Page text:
We also learned a lesson from our ‘free’ model: we wanted to be 100% free, but people didn’t always trust it. “What’s the catch? Surely there’s a hidden cost. No way can it be totally free!” Society has a hard time believing people want to give something for nothing — and how could a business survive? Clients were skeptical, and it kept some away.
So we introduced optional ‘faster processing fees’ — our free plan became a 2-day processing time and we offered one-day or overnight processing for a nominal fee — pennies really — but this put a value on a premium service. Then we thought “This wasn’t exactly the plan, so how can we spin this and get it back to free?”
Our “Regular Giving” initiative was announced — clients could choose to give a monthly donation to a charity of their choice, and we’d waive all processing fees. This worked well, but at some point we thought “It’d be great to know who’s giving where” for our internal reporting on our philanthropic values. Again, that proved administratively heavy and some clients didn’t even realise they had chosen the Regular Giving model. We made a decision to re-work the policy and clients now gave the monthly donation to TYCT. We now have more transparency and know that our clients have donated $25K in the past two years back to the community.
Everything was humming, and we were growing exponentially. We didn’t have the advanced tech or the mobile apps that some of our competitors were building (who were receiving the subsidy and charging clients), but we had plans to build it — we were slowly making profit and putting it back into business development, giving to charity, and being environmentally responsible in our business operations.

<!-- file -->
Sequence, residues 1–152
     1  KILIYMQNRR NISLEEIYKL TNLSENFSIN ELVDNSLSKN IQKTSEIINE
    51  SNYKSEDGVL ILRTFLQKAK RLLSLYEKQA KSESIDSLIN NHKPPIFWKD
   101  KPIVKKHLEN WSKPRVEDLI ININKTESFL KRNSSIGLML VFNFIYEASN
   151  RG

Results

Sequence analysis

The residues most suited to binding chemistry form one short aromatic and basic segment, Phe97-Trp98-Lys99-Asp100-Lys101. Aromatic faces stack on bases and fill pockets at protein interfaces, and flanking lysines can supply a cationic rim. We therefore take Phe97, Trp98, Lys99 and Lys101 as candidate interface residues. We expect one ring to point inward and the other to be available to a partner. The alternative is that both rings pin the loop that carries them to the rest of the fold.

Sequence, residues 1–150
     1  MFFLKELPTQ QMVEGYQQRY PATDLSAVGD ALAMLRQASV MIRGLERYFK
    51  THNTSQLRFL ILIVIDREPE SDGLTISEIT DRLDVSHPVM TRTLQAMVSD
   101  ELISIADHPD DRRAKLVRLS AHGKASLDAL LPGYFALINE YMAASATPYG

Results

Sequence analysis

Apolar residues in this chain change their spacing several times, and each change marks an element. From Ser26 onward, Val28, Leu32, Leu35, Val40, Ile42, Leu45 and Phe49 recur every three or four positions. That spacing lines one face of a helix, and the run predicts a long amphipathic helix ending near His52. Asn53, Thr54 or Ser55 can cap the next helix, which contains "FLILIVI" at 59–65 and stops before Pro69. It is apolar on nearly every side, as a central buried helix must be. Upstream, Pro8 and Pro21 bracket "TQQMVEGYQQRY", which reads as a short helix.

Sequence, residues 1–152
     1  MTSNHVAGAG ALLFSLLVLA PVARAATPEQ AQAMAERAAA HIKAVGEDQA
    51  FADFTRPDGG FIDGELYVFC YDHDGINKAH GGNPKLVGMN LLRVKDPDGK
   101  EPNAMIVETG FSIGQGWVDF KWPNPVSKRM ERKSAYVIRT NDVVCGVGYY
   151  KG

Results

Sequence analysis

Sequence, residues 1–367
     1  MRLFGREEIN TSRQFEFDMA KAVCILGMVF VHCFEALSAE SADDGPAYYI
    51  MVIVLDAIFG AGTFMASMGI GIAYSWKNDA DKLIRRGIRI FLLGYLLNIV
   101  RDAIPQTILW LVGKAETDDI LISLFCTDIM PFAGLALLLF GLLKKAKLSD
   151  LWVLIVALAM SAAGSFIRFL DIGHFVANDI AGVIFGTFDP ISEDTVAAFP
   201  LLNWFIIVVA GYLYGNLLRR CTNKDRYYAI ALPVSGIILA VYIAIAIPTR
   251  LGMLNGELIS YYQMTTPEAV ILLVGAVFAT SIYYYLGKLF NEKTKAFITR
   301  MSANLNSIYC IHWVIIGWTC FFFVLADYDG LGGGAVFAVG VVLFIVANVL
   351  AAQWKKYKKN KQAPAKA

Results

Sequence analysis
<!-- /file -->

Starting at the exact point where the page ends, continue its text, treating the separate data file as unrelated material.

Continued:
Then the government announced proposed changes to payroll legislation. I can definitely see the benefits of modernising the IRD system, but it felt like we’d crested the mountain peak only to see another one behind it.
But, around here no challenge is insurmountable! We could clearly see the opportunity this presented us with — but we were going to need a bit of help to meet it properly. So we went to our community. The community we’ve been serving. The community who’s been growing with us. And we asked them to support us through an equity crowdfunding campaign. We started a sleepless 5-week campaign with PledgeMe and at the end we had 167 awesome new shareholders and $460K of investment for our upcoming projects. Unfortunately, the legislative changes meant we also had to change our free model, and introduce a monthly user subscription. Again, leading with our values (and our meticulous human calculator), we figured out that for the foreseeable future, we can keep our service free for the smallest businesses (3 or fewer employees) which will hopefully help them to grow, and we’ll always be free for registered charities.
We’re pushing hard to meet the opportunities ahead of us, and we plan to return investment to the shareholders who’ve supported us through dividend payments within 2 years. As the intermediary subsidy also comes to a close, we’re looking at different approaches for our giving model to Thankyou Charitable Trust.
So to sum up, it’s been vitally important for us to remain agile and adaptive, changing our model and/or our policies where appropriate, but never losing sight of our core values as they are what drive our business, and attract the amazing people who choose to work with, invest in us, and make Thankyou Payroll a thriving and successful Social Enterprise.
Thankyou Payroll is a social enterprise providing online payroll and PAYE filing services for businesses and charities in New Zealand. If you want to be part of something more than just payroll, sign up to Thankyou Payroll here.
Next Generation Philanthropy and Impact Investment was originally published in Thankyou Payroll on Medium, where people are continuing the conversation by highlighting and responding to this story.